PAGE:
Winter coffee shops compared to home


Last year I wrote about how weird it is to realise that our perceptions of temperature depend on context (though for some reason I can’t find the link right now).

It also applies to coffee shops. I’ve been sitting here for the better part of an hour, and while I’ve crossed my legs perhaps a bit tighter than I may otherwise, I’m still writing out here with my scarf, hat, and puffy jacket.

If I were at home with this chilly breeze and temperatures, I’d be shivering and whinging loudly enough to Clara that she’d probably put on headphones or head to the library across the street. But out here it’s all good. Okay, mostly good.

Maybe it’s to do with the novelty, or the fact I’ve volunteered for this ridiculous arrangement, or it’s the promise of a caffeinated reward. The neural pathways wired to transmit enjoyment of a hot beverage are more established than the rational, and arguably more important temperature sensors that are telling me to leave this place and sit next to a campfire somewhere. Those primal instincts are also what feed my permanent fight-or-flight anxiety though, so they can take a hike!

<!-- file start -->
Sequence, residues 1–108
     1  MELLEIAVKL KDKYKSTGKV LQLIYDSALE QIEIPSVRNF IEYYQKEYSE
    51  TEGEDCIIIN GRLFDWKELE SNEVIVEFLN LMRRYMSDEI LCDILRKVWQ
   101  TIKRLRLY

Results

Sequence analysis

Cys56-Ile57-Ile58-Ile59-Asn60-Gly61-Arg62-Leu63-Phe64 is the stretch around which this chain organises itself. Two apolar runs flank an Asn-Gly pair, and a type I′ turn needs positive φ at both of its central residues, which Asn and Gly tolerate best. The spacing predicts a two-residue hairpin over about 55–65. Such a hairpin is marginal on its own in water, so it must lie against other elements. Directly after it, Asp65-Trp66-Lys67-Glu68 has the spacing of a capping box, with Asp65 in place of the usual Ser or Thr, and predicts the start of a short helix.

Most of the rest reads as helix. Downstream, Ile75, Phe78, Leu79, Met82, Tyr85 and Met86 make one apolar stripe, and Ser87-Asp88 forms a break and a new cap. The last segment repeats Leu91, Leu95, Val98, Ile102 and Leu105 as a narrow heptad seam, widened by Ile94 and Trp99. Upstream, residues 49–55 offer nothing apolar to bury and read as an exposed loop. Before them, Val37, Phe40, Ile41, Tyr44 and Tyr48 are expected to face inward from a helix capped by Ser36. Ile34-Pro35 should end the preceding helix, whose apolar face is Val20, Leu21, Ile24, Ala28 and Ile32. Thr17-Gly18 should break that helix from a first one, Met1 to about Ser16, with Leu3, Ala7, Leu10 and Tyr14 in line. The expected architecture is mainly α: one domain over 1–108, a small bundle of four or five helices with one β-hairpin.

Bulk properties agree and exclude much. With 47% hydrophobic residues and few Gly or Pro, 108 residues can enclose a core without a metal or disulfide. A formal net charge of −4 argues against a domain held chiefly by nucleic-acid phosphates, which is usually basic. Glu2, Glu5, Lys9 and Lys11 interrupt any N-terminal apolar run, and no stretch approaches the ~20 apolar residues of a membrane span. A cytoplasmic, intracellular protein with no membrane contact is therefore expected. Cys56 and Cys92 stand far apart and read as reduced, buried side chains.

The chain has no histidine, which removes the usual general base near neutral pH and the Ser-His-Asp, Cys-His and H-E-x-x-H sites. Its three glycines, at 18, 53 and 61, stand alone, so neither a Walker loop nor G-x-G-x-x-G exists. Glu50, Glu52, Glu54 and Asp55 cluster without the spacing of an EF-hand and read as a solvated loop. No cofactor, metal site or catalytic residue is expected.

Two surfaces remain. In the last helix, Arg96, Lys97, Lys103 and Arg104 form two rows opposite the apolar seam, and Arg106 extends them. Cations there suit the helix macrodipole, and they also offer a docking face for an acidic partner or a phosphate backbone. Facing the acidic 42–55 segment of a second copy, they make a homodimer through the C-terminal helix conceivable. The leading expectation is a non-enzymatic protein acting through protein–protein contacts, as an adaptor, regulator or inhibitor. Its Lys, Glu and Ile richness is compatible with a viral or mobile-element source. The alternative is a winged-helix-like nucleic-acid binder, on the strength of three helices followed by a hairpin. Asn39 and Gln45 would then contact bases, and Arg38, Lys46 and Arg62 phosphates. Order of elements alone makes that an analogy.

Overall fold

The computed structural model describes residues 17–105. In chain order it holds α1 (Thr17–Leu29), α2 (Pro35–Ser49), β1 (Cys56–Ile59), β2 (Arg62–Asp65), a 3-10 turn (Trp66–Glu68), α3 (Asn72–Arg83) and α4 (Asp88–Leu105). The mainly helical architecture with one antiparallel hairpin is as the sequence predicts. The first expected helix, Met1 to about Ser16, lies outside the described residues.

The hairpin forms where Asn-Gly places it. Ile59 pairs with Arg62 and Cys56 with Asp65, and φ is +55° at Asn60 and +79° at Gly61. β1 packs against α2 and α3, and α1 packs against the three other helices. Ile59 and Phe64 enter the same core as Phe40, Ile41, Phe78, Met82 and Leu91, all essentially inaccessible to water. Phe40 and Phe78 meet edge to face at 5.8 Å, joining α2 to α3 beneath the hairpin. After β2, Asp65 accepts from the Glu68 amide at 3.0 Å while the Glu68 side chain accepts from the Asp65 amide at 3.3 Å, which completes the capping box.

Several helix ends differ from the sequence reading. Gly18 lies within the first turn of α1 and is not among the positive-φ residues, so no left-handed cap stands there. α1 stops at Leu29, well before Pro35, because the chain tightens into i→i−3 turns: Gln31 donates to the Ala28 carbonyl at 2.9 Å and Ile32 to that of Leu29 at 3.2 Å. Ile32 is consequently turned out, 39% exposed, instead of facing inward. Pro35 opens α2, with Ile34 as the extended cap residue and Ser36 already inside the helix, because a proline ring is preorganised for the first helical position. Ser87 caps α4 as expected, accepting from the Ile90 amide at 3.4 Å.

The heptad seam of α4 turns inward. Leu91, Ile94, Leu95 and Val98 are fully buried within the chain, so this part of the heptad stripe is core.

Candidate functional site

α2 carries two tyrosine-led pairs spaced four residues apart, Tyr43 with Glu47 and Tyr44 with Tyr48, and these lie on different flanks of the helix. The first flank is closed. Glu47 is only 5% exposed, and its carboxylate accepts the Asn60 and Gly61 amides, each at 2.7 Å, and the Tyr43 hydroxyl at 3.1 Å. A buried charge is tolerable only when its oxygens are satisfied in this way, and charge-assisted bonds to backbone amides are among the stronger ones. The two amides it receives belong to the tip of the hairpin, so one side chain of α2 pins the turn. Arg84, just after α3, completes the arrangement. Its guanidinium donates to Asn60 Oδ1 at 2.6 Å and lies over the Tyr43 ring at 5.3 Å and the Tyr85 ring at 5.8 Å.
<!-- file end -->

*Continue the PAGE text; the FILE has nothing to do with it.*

I’m sure I have readers among you who also think shivering with 12 degree weather to be cute, given you probably shovel snow off moose antlers (not a nice thing to call your inlaws, but I won’t judge). But for someone who grew up thinking 28 degree humid heat in the evening was a wonderful reprieve from 32, I may as well be camped out on an icy tundra somewhere, complaining about the lack of Wi-Fi reception to a seal that’s had the misfortune of popping up right where I am.

I suppose it’s no different than thinking a mug of coffee is lukewarm in your hand, but would feel hot if poured on your skin.

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Ruben Schade is a technical writer and infrastructure architect in Sydney, Australia who refers to himself in the third person. Hi!

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